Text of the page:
And use a temporary docker container to run certgen:

$ mkdir -p certificates
$ docker run -it --rm \
    -v '$(cwd)/instances.yaml:$(es_dir)/config/x-pack/instances.yaml' \
    -v '$(cwd)/certificates:$(es_dir)/config/x-pack/certificates' \
    -w $(es_dir) \
    'docker.elastic.co/elasticsearch/elasticsearch:$(es_version)' \
    bin/x-pack/certgen -in instances.yaml \
        -out $(es_dir)/config/x-pack/certificates/bundle.zip
$ unzip -o certificates/bundle.zip -d certificates
$ rm certificates/bundle.zip

We will end up with the following certs:

$ tree certificates
certificates
├── ca                  # CA certificate and private key
│   ├── ca.crt
│   └── ca.key
├── node-0001
│   ├── node-0001.crt   # Node certificate
│   └── node-0001.key
└── node-0002           # Second node certificate
    ├── node-0002.crt
    └── node-0002.key

3 directories, 6 files

Let’s also create another set — signed by a different CA — for the alien node-0003.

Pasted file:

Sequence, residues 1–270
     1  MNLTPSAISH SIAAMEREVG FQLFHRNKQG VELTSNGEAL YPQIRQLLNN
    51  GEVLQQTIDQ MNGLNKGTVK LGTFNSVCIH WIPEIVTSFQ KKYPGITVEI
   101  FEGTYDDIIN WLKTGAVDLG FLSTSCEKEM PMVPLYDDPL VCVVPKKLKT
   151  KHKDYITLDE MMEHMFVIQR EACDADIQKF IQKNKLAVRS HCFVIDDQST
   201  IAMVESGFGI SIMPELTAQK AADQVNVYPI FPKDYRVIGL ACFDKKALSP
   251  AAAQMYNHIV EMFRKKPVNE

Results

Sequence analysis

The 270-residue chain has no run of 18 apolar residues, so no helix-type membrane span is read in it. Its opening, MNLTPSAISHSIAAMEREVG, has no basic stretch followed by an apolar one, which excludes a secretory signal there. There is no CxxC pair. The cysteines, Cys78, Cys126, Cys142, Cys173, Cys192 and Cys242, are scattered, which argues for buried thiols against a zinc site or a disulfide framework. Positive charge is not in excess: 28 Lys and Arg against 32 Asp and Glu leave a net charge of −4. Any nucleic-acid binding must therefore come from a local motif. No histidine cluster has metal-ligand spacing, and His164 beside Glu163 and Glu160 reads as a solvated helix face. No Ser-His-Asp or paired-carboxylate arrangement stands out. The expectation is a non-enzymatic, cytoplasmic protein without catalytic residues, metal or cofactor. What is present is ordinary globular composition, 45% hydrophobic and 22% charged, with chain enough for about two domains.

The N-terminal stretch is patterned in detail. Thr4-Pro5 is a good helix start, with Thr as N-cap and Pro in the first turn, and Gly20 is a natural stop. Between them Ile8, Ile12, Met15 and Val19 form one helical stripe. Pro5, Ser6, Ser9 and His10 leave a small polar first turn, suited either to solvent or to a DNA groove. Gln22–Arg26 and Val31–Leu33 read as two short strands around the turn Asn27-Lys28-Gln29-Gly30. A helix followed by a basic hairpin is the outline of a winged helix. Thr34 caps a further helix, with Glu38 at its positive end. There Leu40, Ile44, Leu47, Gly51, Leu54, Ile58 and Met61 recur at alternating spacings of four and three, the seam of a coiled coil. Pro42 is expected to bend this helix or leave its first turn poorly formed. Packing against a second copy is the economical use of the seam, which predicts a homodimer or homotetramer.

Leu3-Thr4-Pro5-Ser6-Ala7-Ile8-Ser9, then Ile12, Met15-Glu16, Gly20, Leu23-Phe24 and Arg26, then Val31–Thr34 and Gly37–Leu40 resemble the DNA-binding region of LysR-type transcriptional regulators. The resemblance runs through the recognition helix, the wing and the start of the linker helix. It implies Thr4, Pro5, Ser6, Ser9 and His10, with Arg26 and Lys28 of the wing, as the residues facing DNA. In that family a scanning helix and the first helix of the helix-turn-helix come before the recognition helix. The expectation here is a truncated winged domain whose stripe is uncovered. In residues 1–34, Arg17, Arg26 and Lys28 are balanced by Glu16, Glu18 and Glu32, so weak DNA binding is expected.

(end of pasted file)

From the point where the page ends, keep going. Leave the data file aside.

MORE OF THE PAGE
# file: alien.yaml
instances:
  - name: "node-0003"
    dns:
      - "elasticsearch-3"
    ip:
      - "172.18.10.4"

Which after using certgen and unzipping produces the following:

$ tree alien-certificates
alien-certificates
├── ca
│   ├── ca.crt
│   └── ca.key
└── node-0003
    ├── node-0003.crt
    └── node-0003.key

2 directories, 4 files

Cluster definition

We are going to use docker compose the spin up the cluster. We define three services elasticsearch-1, elasticsearch-2 and elasticsearch-3 plus a network bridge between them. To simplify the setup we are going to use static ipv4 addressing.

First service:

elasticsearch-1:
  # We use official elasticsearch docker images which already contain X-Pack
  image: docker.elastic.co/elasticsearch/elasticsearch:5.3.0
  container_name: elasticsearch-1
  mem_limit: 2g
  volumes:
    - "./data-1:/usr/share/elasticsearch/data"  # The default storage driver do not play well with io-instensive databases or search engines
    - "./elasticsearch-1.yml:/usr/share/elasticsearch/config/elasticsearch.yml"        # We are going to mount our own config
    - "./certificates/ca/ca.crt:/usr/share/elasticsearch/config/x-pack/tls/ca/ca.crt"  # CA cert to trust